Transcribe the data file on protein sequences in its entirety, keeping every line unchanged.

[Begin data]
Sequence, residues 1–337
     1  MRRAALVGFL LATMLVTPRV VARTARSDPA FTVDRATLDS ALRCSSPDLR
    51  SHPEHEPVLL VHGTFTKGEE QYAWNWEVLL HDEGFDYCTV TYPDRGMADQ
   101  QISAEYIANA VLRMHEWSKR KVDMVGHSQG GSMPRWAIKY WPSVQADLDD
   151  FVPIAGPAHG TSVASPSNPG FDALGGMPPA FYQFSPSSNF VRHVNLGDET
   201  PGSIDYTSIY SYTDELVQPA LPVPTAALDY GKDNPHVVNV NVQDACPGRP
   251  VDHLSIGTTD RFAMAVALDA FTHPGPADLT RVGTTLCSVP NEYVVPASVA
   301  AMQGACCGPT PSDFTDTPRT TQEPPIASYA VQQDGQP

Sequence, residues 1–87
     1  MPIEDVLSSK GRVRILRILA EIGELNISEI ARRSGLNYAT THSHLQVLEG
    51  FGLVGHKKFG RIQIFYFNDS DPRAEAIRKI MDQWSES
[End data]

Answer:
Sequence, residues 1–337
     1  MRRAALVGFL LATMLVTPRV VARTARSDPA FTVDRATLDS ALRCSSPDLR
    51  SHPEHEPVLL VHGTFTKGEE QYAWNWEVLL HDEGFDYCTV TYPDRGMADQ
   101  QISAEYIANA VLRMHEWSKR KVDMVGHSQG GSMPRWAIKY WPSVQADLDD
   151  FVPIAGPAHG TSVASPSNPG FDALGGMPPA FYQFSPSSNF VRHVNLGDET
   201  PGSIDYTSIY SYTDELVQPA LPVPTAALDY GKDNPHVVNV NVQDACPGRP
   251  VDHLSIGTTD RFAMAVALDA FTHPGPADLT RVGTTLCSVP NEYVVPASVA
   301  AMQGACCGPT PSDFTDTPRT TQEPPIASYA VQQDGQP

Sequence, residues 1–87
     1  MPIEDVLSSK GRVRILRILA EIGELNISEI ARRSGLNYAT THSHLQVLEG
    51  FGLVGHKKFG RIQIFYFNDS DPRAEAIRKI MDQWSES